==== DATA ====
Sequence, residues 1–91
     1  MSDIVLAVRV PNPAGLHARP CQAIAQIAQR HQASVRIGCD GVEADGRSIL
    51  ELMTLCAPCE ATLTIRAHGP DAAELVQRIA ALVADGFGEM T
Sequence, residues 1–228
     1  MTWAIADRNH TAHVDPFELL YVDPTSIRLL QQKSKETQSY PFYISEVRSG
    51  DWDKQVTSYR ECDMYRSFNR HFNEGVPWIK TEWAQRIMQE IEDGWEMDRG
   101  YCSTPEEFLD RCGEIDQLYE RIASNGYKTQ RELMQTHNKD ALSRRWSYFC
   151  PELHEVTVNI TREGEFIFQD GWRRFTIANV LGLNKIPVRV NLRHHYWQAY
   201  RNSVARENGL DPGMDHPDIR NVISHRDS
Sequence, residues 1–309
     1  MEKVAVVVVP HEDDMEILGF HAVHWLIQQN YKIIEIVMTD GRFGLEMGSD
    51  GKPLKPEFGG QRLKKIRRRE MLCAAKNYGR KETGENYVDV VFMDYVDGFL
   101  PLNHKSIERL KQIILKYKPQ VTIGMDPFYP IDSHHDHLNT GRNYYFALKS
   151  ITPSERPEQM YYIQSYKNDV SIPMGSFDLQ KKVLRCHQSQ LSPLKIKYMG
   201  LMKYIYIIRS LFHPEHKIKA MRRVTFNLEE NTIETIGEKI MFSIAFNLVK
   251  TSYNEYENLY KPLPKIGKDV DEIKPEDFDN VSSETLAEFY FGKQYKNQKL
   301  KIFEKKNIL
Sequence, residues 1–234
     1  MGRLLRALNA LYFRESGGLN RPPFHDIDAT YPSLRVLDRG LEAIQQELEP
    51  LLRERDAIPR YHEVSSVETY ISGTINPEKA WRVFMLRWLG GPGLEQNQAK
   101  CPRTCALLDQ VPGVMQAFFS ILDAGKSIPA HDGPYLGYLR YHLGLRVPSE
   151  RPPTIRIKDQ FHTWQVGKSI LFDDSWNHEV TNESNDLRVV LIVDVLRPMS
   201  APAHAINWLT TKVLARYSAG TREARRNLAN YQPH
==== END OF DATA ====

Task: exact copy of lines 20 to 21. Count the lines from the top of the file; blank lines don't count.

    51  LLRERDAIPR YHEVSSVETY ISGTINPEKA WRVFMLRWLG GPGLEQNQAK
   101  CPRTCALLDQ VPGVMQAFFS ILDAGKSIPA HDGPYLGYLR YHLGLRVPSE